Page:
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By Andrew Hood
Riders from the U.S. Postal Service team went on a three-hour training ride during Monday’s rest day to keep their legs fresh for the upcoming battle in the Pyrenees.
The 56th Vuelta a España hits a trio climbing stages Tuesday to Thursday that will determine whether or not Roberto Heras can repeat as Vuelta champion. So far, the quiet Spanish rider has had difficulty in the Vuelta’s first two climbing stages and sits in eighth place overall at 2:47 back.
“I haven’t thrown in the towel yet,” Heras said. “It’s true I am not going well right now. I don’t know exactly why, but at the same time, I am feeling better every day. I have tried to attack but I haven’t been able to maintain my rhythm. The Pyrenees will be decisive for me.”
The Postal Service team finds itself in the unexpected position of having Levi Leipheimer in fifth-place overall at 1:54 back, giving the team a second option for the overall standings should Heras stumble.
“We’re all surprised at Levi’s strength in the mountains. Roberto is still our team leader but now we have two options at hand, which isn’t so bad,” said Johan Bruyneel, director of the U.S. Postal Service.
Leipheimer has been the revelation of this Vuelta. Overall race leader Joseba Beloki said if it wasn’t for some bad luck for Leipheimer who lost one minute when he got caught up behind a crash in the third stage, the American could very well be the overall leader now instead of him. It’s something Leipheimer agrees with.
“Yeah, I think I could be in lead right now, but that’s cycling and I can’t worry about that,” Leipheimer said after his training ride Monday. Leipheimer finished in the top-three in both time trials and has ridden with surprising strength at Lagos de Covadonga in the fifth stage and again Saturday up Alto Cruz de la Demanda.
“Our number one goal is still to help Roberto win the race. If Roberto and I ride strong, I still think I could finish in the top-five, maybe even the podium,” said the 27-year-old. “I think Roberto is going to ride well in the Pyrenees. He always comes on strong later in these big races, so the team is still confident.”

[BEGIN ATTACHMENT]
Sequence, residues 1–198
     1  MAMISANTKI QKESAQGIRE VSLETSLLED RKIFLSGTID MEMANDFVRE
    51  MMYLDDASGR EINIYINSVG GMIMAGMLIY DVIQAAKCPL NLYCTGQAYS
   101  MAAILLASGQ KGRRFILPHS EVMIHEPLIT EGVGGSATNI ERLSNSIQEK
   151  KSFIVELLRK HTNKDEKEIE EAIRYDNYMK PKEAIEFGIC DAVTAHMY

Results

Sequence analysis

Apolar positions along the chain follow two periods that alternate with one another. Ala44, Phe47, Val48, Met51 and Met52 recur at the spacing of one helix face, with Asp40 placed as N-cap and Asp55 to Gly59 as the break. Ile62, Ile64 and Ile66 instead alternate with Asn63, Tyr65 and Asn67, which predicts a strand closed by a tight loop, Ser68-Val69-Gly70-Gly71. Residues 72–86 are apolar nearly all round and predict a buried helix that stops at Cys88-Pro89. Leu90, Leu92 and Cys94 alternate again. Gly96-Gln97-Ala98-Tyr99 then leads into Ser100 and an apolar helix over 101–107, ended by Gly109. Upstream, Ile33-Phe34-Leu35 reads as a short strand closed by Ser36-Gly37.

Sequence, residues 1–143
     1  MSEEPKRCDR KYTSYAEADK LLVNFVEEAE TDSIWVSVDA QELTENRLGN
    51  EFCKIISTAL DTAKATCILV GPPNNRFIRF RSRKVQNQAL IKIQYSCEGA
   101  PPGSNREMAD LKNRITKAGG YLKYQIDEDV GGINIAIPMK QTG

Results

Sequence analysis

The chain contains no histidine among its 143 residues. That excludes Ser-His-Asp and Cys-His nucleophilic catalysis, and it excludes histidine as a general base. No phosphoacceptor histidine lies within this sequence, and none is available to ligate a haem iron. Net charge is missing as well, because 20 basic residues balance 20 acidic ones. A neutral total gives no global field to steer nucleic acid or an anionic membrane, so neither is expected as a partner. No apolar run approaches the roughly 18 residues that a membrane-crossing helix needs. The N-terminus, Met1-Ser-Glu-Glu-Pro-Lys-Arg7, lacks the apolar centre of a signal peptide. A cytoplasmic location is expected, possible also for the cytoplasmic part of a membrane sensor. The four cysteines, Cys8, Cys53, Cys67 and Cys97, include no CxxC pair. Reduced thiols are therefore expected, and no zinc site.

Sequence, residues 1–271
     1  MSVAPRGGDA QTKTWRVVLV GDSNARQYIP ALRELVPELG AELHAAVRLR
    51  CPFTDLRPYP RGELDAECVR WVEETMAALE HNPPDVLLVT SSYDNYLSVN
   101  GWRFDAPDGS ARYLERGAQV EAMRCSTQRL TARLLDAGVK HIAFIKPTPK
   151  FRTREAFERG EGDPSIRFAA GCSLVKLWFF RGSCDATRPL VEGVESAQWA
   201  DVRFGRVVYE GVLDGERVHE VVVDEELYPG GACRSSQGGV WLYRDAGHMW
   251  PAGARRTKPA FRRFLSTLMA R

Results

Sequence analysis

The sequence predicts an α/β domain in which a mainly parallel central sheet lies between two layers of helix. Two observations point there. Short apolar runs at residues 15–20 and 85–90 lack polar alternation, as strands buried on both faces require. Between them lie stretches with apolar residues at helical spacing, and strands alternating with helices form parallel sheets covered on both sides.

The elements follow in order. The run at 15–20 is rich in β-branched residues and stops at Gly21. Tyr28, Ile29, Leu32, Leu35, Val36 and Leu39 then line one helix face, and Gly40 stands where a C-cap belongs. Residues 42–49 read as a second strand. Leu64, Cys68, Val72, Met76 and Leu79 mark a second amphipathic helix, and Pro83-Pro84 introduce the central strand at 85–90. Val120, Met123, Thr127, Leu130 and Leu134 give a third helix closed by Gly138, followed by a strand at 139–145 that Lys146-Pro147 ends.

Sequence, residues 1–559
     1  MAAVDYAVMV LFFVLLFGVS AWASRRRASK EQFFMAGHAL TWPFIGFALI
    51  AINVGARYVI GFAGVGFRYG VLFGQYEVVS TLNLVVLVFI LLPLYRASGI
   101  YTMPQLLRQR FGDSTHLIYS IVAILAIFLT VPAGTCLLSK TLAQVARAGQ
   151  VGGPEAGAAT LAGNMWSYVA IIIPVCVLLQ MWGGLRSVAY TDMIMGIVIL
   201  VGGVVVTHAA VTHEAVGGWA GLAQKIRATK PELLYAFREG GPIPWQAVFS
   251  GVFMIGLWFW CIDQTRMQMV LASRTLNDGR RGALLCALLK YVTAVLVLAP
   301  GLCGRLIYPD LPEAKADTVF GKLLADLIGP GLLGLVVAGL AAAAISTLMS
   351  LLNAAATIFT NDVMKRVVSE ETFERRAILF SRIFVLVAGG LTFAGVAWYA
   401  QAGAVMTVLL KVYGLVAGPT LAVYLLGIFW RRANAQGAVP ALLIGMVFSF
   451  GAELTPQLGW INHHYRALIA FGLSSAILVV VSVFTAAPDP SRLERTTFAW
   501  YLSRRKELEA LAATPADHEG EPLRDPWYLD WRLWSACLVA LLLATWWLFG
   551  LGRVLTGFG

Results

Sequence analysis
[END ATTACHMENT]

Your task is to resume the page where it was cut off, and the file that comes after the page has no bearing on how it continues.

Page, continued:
Three-straight summit finishes will shakeout the overall standings of this still very much open Vuelta. Tuesday’s 168-km stage hits two category-one climbs to finish at La Molina, a ski area in the Catalan Pyrenees. Wednesday’s 154-km stage features six rated climbs and ends with a beyond-category summit finish at the Andorran ski resort at Pal. Thursday’s 17-km climbing time trial takes the peloton to Arcalis, another ski area in Andorra.
The Vuelta is still anyone’s race. Eleven riders are within 4 minutes of Beloki’s lead. With five lead changes already through nine stages, just about anything could happen.
“I think these Pyrenees stages are the key to victory in this Vuelta,” said Beloki, leading a major three-week stage race for the first time in his career. “We have seen that Kelme has its weaknesses, more with (Santiago) Botero than with (Oscar) Sevilla. This first week of the Vuelta has been complicated, with two time trials and two mountain stages. I think the winner will be determined in the Pyrenees with Arcalis as the most decisive stage.”
Sevilla, second at just 14 seconds back, sees it the other way around. He thinks the race will come down to the final time trial in Madrid.
“I don’t think the Pyrenees will produce the big differences because all the best climbers will watch each other very well. I believe Botero can still win this race. He can regain time at Arcalis and we will see from there,” Sevilla said. “Between Beloki and I, I think Beloki is the stronger rider. He has more experience and fitness than me at this moment, but we will keep fighting.”
Festina’s Angel Casero, third overall at 51 seconds back, is also growing more confident by the day. Casero, second last year to Heras, thinks he can win the Vuelta if he comes out of the Pyrenees in a solid position.
And Leipheimer? He thinks he can win the individual time trial to Arcalis on Thursday.
“I’m looking forward to it. I’m thinking about giving Lance (Armstrong) a call to see if he has any advice,” Leipheimer joked.